1. Introduction
A series of studies recently published describe the association of having at least one ε4 allele (relative to having none) with poorer performance on several cognitive measures argued to be important preclinical indicators of incipient AD. Although no associations were reported between presence of the ε4 allele and typical clinical trial instrumentation, there were differences between persons with at least one ε4 allele and those with no ε4 allele on some highly specific neuropsychological or neuroimaging measures tested (Bondi et al., 1995; Lange et al., 2002; Bondi et al., 2005; Houston et al., 2005; Jacobson, Delis, Lansing, et al., 2005; Jacobson, Delis, Bondi, & Salmon, 2005; Wetter et al., 2005; Han et al., 2006). Importantly, these tests are rarely, if ever, used in clinical trials for AD. These analyses used a latent variable model established earlier (Tractenberg et al., 2006) to evaluate the role of ε4 dose on test scores.
2. Methods
The emphasis in these analyses was on the role of the genetic risk factor APOE4 dose, the instruments that were modeled are only briefly described.
2.1 Data sources
2.1.1 Prednisone study (PR).
Aisen et al. (2000) conducted a multi-center randomized placebo-controlled clinical trial to determine the effect of steroid anti-inflammatory drug prednisone (PR) to slow the cognitive decline in 138 persons who met National Institute of Neurological and Communicative Diseases and Stroke/Alzheimer Disease and Related Disorders Association (NINCDS-ADRDA; McKhann et al., 1984) criteria for probable AD. Use of cholinesterase inhibitor was not allowed.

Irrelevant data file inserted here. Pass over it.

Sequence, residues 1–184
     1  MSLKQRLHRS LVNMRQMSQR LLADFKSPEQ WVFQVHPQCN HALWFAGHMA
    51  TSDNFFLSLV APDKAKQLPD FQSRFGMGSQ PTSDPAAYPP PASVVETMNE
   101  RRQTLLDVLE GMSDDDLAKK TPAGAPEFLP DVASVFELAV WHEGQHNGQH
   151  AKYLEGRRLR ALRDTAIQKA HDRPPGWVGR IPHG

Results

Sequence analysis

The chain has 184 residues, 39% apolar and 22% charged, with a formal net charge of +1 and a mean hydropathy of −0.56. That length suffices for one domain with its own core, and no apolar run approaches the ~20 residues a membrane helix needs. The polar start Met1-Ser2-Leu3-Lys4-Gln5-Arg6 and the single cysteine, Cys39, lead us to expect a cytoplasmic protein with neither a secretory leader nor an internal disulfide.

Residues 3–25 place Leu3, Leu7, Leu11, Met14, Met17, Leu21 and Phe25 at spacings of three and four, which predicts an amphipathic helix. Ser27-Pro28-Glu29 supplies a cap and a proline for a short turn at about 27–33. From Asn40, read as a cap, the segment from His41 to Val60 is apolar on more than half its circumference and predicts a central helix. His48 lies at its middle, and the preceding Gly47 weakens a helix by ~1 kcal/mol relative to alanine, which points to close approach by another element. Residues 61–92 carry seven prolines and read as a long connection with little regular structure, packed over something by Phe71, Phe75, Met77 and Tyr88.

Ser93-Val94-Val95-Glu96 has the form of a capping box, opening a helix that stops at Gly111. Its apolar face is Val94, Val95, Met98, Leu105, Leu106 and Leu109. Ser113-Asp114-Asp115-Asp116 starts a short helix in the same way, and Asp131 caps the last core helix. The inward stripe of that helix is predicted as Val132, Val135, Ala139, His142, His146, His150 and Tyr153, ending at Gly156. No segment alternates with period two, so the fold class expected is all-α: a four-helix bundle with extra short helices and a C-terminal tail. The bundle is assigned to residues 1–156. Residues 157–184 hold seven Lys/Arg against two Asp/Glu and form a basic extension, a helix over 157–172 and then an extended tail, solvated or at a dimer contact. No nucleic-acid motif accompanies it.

2.1.2 Non-steroidal study (NS).
Aisen et al. (2003) conducted a multi-center randomized placebo-controlled clinical trial to determine the effect of the nonsteroidal anti-inflammatory drugs (NSAIDs) refecoxib, a selective cyclooxygenase −2 (COX-2) inhibitor and naproxen (a non-selective NSAID) on cognitive decline in 351 persons with NINCDS-ADRDA diagnoses of probable AD. At baseline, 68% of this sample was on a stable dose of a cholinesterase inhibitor.
2.2 Materials.
Cognitive impairment was evaluated with the same three cognitive outcomes at baseline in the two cohorts. The primary outcome measure in both trials was the Alzheimer's Disease Assessment Scale – Cognitive (ADAS-Cog, Mohs, Rosen, & Davis, 1983; Rosen, Mohs, & Davis, 1984). The ADAS-Cog, designed specifically for use with persons with AD, measures memory, attention, reasoning, language, orientation and praxis. Scores range from 0−70 with higher scores reflecting higher impairment. The Clinical Dementia Rating (CDR, Hughes, Berg, Danziger, Coben, & Martin, 1982) was a secondary outcome measure in both studies. The CDR is based on a semi-structured interview of both the patient and a knowledgeable informant, assessing/grading overall dementia severity. The box scores representing these two domains at baseline were used as individual indicators. Higher box scores reflect higher impairment in terms of cognition (memory, orientation, judgment & problem solving) and function (community affairs, home & hobbies, personal care), respectively.